Meanwhile, the Board of Regents is scheduled to select a new university president from among three finalists. Among the three is General Patrick Gamble who was the Commandant of the Air Force Academy in 1993 and 1994.
As I reported in a previous post, a 1991 study reported alarming rates of sexual harassment and assault at all three military academies and a 1995 study found (from a New York Times article on April 5, 1995:)
The report said the percentage of female students indicating they had experienced at least 1 of 10 forms of sexual harassment on a recurring basis was 78 percent at the Air Force Academy, an increase from 59 percent of the female students who responded to the same survey in 1990-91. The questionnaires were sent to randomly selected students at each academy.
Gen. Gamble arrived at the Academy after the first study had been made public with a fair amount of publicity. As the incoming Commandant, he had to be aware of it. At the community reception in Juneau a week ago, Gen. Gamble said management was about people, about "giving them a clear expectations of what the outcome you want is, and not getting in the way of them getting there"
So, he knew, or certainly should have known, that sexual harassment and assault were a serious problem at the institution he was about to lead. We have to assume that he either did establish reducing sexual harassment as one of his expected outcomes or he didn't. If he did, then his management style, on this issue anyway, was ineffective. Things got worse over the time period when he was there. If he didn't make this an expected outcome, it raises questions about his values and priorities, given the extremely high rates.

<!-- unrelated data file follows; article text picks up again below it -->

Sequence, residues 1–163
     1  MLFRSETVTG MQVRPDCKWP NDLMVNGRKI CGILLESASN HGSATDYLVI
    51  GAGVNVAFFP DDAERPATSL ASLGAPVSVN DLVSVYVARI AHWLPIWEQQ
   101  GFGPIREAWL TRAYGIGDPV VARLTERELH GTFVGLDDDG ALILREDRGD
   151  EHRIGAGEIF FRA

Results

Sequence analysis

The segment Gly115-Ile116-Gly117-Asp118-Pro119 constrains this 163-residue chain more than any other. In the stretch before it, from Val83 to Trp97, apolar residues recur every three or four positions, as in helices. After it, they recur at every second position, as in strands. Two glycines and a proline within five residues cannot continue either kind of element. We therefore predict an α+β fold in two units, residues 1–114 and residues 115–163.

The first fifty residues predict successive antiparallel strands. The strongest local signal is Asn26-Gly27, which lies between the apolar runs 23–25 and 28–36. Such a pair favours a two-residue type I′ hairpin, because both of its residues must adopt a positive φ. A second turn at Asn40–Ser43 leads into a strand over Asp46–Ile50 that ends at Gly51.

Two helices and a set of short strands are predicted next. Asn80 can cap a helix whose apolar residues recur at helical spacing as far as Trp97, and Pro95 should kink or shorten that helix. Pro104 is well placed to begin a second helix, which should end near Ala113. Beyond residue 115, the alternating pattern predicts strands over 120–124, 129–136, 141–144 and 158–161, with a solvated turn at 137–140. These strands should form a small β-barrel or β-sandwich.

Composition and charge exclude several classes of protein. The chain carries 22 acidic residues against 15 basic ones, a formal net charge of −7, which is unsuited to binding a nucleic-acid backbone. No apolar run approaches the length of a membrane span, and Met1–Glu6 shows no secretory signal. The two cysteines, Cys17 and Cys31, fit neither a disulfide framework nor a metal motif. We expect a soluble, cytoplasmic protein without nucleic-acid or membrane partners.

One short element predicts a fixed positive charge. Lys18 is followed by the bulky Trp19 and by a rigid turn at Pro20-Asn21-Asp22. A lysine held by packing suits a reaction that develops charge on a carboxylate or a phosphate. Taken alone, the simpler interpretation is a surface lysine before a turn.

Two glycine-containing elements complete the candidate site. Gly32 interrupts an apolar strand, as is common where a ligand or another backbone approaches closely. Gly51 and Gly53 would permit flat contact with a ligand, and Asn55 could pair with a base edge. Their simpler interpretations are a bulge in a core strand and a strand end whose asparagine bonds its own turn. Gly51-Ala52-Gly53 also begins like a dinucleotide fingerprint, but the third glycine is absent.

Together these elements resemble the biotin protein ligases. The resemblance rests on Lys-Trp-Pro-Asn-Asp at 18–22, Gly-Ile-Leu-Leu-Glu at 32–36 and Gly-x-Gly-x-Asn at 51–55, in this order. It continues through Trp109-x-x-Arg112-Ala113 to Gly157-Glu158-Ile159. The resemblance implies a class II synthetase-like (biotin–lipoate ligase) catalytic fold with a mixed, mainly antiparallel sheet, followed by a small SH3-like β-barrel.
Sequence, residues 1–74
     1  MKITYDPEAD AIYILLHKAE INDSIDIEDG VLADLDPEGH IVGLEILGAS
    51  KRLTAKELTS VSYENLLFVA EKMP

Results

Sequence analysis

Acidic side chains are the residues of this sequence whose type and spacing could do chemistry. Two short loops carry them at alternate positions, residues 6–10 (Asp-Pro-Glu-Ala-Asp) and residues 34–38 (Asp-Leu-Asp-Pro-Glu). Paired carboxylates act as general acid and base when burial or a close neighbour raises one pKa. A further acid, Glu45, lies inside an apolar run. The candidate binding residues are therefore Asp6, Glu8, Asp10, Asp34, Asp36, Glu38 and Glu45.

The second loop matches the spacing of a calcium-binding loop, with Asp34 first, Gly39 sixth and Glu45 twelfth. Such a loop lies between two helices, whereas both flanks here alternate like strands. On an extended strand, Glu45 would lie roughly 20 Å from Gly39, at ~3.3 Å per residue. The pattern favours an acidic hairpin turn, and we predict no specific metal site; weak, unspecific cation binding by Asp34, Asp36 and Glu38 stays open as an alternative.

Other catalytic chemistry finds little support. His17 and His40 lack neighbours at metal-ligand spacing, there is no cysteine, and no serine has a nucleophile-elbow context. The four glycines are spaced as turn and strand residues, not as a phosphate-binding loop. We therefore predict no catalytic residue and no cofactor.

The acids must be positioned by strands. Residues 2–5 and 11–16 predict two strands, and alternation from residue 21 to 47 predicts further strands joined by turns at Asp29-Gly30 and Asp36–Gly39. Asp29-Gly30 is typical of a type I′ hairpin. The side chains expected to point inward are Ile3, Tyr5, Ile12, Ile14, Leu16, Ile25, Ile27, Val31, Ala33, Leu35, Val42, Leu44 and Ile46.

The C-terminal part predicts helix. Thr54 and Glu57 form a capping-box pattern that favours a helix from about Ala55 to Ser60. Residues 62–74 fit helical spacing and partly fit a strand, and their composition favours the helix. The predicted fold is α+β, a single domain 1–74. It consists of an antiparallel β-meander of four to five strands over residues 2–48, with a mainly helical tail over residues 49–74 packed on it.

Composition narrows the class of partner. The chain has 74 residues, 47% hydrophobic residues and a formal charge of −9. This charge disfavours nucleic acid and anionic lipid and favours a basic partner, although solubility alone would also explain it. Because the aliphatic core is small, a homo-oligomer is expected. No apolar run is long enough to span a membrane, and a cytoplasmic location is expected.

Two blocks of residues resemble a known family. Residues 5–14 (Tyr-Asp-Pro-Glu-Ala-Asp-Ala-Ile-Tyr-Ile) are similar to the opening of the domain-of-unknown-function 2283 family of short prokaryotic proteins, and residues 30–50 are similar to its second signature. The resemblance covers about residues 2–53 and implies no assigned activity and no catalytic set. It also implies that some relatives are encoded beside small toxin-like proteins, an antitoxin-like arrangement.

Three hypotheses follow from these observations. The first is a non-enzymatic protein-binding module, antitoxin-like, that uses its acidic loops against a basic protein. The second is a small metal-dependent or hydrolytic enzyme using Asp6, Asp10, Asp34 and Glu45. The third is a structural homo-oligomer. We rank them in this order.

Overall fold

Because of the limited access to the search process - the final three were announced Sunday afternoon, Feb. 28, and then showed up the next day in Fairbanks, the next in Anchorage, and the next in Juneau, I (and apparently others) didn't get a chance to search the backgrounds of the candidates before they saw them. So I didn't ask Gen. Gamble any of these questions.
Perhaps Gen. Gamble put then state of the art programs into place. We don't know. Even if he didn't, perhaps his understanding and concern for the issue has evolved over time.
I don't mean to beat a dead horse here, but the regents decide on Sunday and listening to the legislators this morning talking about how serious sexual assault is in Alaska caused me to revisit the subject.
It seems that the president of our statewide university system should be someone who has, among all the other requisite skills and abilities, a proven track record as being both sensitive to the seriousness of the issue and competent in leading the fight to reduce our appalling statistics.
The University president, like the head of most organizations, sets the tone for what is and isn't acceptable. We need a university president who will work hard to promote a climate on all campuses that is conducive to healthy interpersonal relationships - among and between faculty, administration, staff, and students. The president also has influence on the kinds of funding raised to support research by scholars at the university. The legislators today said we lead the country in sexual assault by a considerable margin. One would hope that university research would contribute to changing those dysfunctional patterns.
For the victims of abuse, and those close to them, there is no more serious issue. But this issue affects us all. Resources spent dealing with the long term effects of sexual abuse are significant. For example, Dr. Clarren one of the top scholars on FASD (Fetal Alcohol Syndrome Disorder) reported at the FASD conference here in February, that in a study he did of mothers of FASD children, all of them had been victims of sexual abuse, and many of their stories were horrific. Alaska also has a very high rate of FASD. Is that a coincidence? Probably not.